On this dive, we drifted and rode the current a bit more. We weaved up and over the reef, ducking into valleys and sheltering from the current on the lee side of the huge coral formations. We finished the remaining exercises without issue and surfaced without a problem. We managed to surface fairly close to the boat this time, and were able to swim in.

We had a little over an hour to get from Phi Phi to our final dive site at Shark Point and I spent it up on the upper deck, toward the bow, just enjoying the wind and the waves. The wind had picked up a fair bit by this time, and I worried that we wouldn’t be able to make our final dive. Even if we didn’t get to do the final dive, I had successfully completed all of my exercises for certification. The final dive was to be a solely recreational one.

We got to the site, the wind died down, and we jumped in. This time, we just explored. My GoPro had run low on battery power, and I decided to leave it on the boat so I could just fully enjoy the experience. There was a moderate current, and the visibility was okay. Nevertheless, the trip was stunning. We came across two schools of Barracuda: one school of perhaps five or six dozen fish circled around while another, smaller school of 10 or so—each between 4-6’ in length—sheltered in the lee of the reef. The underwater world was both peaceful and exciting at the same time. I loved every single second of it.

We flopped back onto the boat around 5:00, just as the sun was beginning to get low in the sky. We cleaned up and stowed our gear, then relocated to the front of the upper deck. Tired, sated, at more at peace than I think I have ever been, I reveled in the beautiful sunset and warm, gentle breezes, and gentle, rocking waves of the ocean as we motored back to the pier. There was an unspoken camaraderie among the divers on the ship, whether they be American, Canadian, French, Russian, Chinese, Thai, British, Australian, or German.

It was fully dark by the time we returned to the pier. We hopped on our respective shuttles and I was dropped off at the hotel around 7:30. That night, the resort’s buffet was having a Grilled Meat extravaganza, so I stuffed myself on grilled chicken and beef tenderloin. Afterward, I walked back to the tailor’s shop for the fitting of my shirts and slacks. Finally, I ended the evening in the resort’s Andaman lounge, listening to a talented musical trio and sipping on cocktails for about an hour before returning to the room and passing out.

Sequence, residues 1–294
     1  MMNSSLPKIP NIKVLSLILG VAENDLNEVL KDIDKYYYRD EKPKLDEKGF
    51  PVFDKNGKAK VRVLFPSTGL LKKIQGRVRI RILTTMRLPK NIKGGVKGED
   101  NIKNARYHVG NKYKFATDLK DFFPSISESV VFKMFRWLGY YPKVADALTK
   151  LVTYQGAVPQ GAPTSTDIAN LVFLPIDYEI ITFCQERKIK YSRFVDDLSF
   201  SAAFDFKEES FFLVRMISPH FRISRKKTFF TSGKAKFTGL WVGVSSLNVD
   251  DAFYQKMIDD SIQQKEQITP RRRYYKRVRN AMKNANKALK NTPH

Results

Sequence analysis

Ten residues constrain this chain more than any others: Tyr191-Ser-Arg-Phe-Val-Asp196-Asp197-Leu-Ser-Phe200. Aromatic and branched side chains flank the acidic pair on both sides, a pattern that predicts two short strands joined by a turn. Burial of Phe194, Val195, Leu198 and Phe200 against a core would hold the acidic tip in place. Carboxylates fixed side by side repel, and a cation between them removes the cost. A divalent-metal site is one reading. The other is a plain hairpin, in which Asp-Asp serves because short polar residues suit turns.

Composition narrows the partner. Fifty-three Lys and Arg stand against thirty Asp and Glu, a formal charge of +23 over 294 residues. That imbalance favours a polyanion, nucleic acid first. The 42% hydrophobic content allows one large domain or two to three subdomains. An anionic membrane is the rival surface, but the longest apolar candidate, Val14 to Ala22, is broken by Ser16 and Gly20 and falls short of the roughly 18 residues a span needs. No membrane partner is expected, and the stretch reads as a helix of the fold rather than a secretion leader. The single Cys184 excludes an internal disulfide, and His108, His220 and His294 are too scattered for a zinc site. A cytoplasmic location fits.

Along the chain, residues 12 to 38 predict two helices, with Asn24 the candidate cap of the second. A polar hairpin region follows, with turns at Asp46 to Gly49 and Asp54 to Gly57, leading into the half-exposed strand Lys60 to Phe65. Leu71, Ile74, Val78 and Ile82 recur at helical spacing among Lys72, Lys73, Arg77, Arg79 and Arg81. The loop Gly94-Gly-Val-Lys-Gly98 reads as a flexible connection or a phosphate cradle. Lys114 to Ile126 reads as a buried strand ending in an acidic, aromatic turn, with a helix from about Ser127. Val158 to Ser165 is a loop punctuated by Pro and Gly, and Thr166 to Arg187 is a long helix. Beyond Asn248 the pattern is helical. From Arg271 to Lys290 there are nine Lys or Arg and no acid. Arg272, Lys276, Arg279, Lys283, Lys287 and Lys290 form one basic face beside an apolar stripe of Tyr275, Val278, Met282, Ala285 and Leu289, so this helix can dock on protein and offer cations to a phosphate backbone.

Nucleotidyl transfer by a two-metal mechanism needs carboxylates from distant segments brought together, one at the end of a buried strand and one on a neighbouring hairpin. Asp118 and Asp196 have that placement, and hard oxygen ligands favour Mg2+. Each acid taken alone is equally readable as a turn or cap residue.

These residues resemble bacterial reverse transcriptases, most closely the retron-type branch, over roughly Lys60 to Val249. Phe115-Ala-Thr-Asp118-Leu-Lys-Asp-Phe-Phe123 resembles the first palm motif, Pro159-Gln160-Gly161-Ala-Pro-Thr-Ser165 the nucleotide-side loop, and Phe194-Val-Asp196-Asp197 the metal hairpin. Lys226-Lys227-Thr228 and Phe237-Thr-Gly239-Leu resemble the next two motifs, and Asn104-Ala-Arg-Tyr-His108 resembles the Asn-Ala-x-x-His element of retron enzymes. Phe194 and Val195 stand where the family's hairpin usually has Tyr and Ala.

It is hard for me, even weeks later, to adequately express what a life-altering experience my SCUBA trip had been. As mentioned a few posts ago, diving was the main reason I had chosen to come to Thailand in the first place. I had been certain I’d be able to do it, and certain that I’d love it. But there was something so disconnected and peaceful about spending an hour sixty feet under the surface of the ocean. The rhythmic sounds of air hissing through the regulator or bubbling up toward the surface was almost like a heartbeat. The visual spectacle of such a foreign world was entrancing. And the unified respect to that world shown by each varied and unique person who undertook the hobby was inspiring.

I expect I imbued this SCUBA trip with a level of significance that perhaps many others don’t. (What? Me?) Diving is something I had always wanted to do. But it was also something that had seemed out of reach. Or had faded into the background. It was the sort of thing that other, more adventurous, more fit people did. It wasn’t something I did.

But I did it. And I loved it. And I realized less than two minutes into my first dive that I would be diving as long as my body and mind would permit me to do so. It’s rare that I take up a new hobby and feel so completely and utterly at home as I did with this one. Of all of the new experiences I had on this trip, not least of which was simply going on the trip in the first place, the time I spent under the waves was the one that had the greatest impact on me. It was my church, my holy of holies. And I plan to worship there a lot more often.